Read this article to learn about the gene libraries, genomic libraries and cDNA libraries.
DNA (Gene) Libraries:
A DNA library is a set of cloned fragments that collectively represent the genes of a particular organism. Particular genes can be isolated from DNA libraries, much as books can be obtained from conventional libraries.
The secret is knowing where and how to look. There are two general types of gene library: a genomic library, which consists of the total chromosomal DNA of an organism; and a cDNA library, which represents the mRNA from a cell or tissue at a specific point of time.
The choice of the particular type of gene library depends on a number of factors, the most important being the final application of any DNA fragment derived from the library. If the ultimate aim understands the control of protein production for a particular gene or its architecture, then genomic libraries must be used.
However, if the goal is the production of new or modified proteins, or the determination of tissue-specific expression of timing patterns, cDNA libraries are more appropriate. The main consideration in the construction of genomic or cDNA libraries is, therefore, the nucleic acid starting material. Since the genome of an organism is fixed, chromosomal DNA may be isolated from almost any cell type in order to prepare genomic DNA.
In contrast, however, cDNA libraries represent only mRNA being produced from a specific cell type at a particular time in the cell’s development. Thus, it is important to consider carefully the cell or tissue type from which the mRNA is to be deriver in the construction of cDNA libraries.
There are a variety of cloning vectors available, many based on naturally occurring molecules such as bacterial plasmids or bacteria-infecting viruses. The choice of vector also depends on whether a genomic library or cDNA library is constructed.
Constructing Gene Libraries:
Digesting Genomic DNA Molecules:
After genomic DNA has been isolated and purified, it is digested with restriction endonucleases. These enzymes are the key to molecular cloning because of the specificity they have for particular DNA sequences. It is important to note that every copy of a given DNA molecule from a specific organism will give the same set of fragments when digested with a particular enzyme.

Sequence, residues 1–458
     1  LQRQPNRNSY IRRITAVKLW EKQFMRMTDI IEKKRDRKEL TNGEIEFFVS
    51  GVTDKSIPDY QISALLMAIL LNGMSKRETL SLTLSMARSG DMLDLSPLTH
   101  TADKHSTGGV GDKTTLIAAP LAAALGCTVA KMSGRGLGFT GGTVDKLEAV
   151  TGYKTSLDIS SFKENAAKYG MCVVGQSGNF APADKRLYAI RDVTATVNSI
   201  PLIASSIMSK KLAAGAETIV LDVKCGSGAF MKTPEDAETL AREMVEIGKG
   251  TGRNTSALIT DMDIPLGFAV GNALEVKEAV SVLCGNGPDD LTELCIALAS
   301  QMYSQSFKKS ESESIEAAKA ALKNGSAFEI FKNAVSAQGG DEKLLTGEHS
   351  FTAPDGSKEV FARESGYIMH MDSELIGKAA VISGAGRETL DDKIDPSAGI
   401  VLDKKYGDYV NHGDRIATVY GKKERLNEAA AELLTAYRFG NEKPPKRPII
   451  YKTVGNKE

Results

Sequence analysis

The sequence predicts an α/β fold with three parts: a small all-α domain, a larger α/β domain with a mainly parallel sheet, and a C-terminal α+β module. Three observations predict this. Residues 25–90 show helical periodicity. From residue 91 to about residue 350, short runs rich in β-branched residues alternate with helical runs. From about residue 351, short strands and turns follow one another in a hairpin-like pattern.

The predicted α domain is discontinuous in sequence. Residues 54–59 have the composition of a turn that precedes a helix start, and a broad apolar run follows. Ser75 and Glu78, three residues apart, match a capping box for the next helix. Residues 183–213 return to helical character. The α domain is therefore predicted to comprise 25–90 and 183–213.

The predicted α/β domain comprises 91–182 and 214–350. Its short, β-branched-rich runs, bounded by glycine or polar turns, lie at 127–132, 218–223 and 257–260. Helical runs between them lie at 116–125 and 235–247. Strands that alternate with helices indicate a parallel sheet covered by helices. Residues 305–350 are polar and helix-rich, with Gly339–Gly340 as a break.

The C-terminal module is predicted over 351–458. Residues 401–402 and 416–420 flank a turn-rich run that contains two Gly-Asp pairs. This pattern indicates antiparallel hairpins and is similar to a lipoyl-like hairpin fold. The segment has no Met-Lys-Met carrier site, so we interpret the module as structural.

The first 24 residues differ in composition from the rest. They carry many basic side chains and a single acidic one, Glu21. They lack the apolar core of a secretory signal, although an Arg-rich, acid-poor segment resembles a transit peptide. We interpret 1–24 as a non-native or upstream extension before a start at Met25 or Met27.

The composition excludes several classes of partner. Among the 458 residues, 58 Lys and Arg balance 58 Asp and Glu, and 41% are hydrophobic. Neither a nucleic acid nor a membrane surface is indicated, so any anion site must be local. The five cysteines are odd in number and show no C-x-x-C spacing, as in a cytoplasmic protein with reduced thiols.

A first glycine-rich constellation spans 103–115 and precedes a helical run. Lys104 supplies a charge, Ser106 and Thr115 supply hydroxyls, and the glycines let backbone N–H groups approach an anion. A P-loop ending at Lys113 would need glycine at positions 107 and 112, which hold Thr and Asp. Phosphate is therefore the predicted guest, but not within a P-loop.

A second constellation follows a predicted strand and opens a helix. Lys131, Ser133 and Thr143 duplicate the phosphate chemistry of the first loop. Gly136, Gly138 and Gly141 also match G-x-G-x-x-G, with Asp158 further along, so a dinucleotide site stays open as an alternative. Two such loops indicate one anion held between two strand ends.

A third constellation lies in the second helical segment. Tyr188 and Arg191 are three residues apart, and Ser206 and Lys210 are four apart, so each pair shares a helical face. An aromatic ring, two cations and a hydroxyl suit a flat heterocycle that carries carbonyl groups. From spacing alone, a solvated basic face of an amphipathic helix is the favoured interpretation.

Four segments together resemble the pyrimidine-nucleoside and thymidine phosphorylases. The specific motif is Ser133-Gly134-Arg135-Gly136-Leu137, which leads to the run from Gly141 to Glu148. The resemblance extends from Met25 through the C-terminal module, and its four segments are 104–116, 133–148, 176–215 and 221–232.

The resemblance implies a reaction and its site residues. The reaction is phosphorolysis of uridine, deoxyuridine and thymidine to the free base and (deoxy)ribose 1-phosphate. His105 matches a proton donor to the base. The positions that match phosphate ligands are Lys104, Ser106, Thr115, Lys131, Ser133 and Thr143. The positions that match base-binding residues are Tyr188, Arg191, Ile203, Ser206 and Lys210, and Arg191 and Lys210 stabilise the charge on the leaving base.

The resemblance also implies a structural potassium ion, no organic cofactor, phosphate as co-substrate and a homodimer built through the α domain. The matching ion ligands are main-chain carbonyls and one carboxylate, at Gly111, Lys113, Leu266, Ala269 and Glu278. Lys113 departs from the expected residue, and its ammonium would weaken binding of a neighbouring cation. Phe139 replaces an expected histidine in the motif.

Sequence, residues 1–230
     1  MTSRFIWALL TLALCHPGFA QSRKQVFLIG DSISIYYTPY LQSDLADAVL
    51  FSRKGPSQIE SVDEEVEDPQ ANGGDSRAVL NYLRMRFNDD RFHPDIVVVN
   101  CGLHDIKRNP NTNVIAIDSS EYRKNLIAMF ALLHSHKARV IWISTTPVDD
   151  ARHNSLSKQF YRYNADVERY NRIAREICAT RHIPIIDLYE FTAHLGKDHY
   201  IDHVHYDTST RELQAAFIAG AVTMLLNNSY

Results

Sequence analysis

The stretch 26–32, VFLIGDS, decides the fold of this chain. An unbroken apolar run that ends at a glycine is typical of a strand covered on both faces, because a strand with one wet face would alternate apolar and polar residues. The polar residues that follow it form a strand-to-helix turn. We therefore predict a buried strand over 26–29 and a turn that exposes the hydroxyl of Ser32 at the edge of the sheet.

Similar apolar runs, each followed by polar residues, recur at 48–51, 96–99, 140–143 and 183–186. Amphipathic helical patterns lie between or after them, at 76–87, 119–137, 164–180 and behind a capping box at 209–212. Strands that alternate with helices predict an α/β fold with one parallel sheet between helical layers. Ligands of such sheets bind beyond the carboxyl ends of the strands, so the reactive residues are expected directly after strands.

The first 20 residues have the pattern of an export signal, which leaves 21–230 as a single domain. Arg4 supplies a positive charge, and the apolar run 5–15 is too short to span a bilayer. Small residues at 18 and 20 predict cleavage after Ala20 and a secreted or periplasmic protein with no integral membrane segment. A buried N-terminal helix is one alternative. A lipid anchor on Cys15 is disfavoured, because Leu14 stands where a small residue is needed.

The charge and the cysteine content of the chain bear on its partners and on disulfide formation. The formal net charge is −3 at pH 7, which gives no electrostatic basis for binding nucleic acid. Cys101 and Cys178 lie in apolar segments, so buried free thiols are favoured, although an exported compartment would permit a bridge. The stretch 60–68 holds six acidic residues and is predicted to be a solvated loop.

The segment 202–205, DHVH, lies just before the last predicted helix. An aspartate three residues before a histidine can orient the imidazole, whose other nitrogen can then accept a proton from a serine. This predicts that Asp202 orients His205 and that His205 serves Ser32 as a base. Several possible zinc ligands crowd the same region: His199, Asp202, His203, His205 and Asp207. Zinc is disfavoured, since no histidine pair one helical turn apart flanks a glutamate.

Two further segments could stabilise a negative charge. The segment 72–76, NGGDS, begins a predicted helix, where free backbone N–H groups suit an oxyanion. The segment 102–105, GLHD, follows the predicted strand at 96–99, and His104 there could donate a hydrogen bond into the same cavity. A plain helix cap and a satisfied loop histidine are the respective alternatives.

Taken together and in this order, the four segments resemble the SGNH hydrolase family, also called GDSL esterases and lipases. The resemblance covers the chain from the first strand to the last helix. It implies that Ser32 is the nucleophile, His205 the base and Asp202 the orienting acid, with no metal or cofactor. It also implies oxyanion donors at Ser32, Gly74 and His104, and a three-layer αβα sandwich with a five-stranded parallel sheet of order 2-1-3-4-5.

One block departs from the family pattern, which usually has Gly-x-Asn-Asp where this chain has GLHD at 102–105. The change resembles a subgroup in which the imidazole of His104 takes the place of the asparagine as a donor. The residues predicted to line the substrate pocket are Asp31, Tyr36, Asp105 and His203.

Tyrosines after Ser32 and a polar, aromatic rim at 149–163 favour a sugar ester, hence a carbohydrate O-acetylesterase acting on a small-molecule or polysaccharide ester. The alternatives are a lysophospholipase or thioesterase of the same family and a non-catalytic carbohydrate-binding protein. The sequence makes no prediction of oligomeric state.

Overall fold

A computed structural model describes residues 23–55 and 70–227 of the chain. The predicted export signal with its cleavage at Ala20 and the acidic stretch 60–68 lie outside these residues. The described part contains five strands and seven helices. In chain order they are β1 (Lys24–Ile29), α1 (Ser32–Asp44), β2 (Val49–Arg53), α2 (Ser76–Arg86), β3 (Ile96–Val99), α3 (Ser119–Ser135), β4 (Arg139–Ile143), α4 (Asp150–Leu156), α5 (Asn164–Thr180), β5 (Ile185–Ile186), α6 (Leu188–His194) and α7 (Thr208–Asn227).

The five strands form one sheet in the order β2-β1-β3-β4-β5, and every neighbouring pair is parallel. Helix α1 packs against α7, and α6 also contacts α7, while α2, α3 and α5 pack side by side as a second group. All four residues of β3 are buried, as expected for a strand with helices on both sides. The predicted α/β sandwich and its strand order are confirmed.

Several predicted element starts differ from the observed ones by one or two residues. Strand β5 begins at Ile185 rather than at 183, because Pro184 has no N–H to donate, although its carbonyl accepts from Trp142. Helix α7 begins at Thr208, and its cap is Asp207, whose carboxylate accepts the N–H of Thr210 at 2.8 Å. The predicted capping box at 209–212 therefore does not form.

DNA from different organisms will, in general, give different sets of fragments when treated with the same enzyme. By digesting complex genomic DNA from an organism it is possible to reproducibly divide its genome into a large number of small fragments, each approximately the size of a single gene. Some enzymes cut straight across the DNA to give flush or blunt ends.
Other restriction enzymes make staggered single-strand cuts, producing short single-stranded projections at each end of the digested DNA. These ends are not only identical but complementary and will base-pair with each other; they are, therefore, known as cohesive or sticky ends. In addition, the 5′-end projection of the DNA always retains the phosphate groups.
Over 500 restriction enzymes, recognizing more than 200 different sites, have been characterized. The choice of which enzyme to use depends on a number of factors. For example, the recognition sequence of 6 bp will occur, on average, every 4096 (46) bases, assuming a random sequence of each of the four bases.
This means that digesting genomic DNA with EcoRI, which recognizes the sequence 5′-GAATTC-3′, will produce fragments each of which is, on average, just over 4 kb. Enzymes with 8 bp recognition sequences produce much longer fragments. Therefore, very large genomes, such as human DNA, are usually digested with enzymes that produce long DNA fragments. This makes subsequent steps more manageable, since a smaller number of those fragments need to be cloned and subsequently analyzed.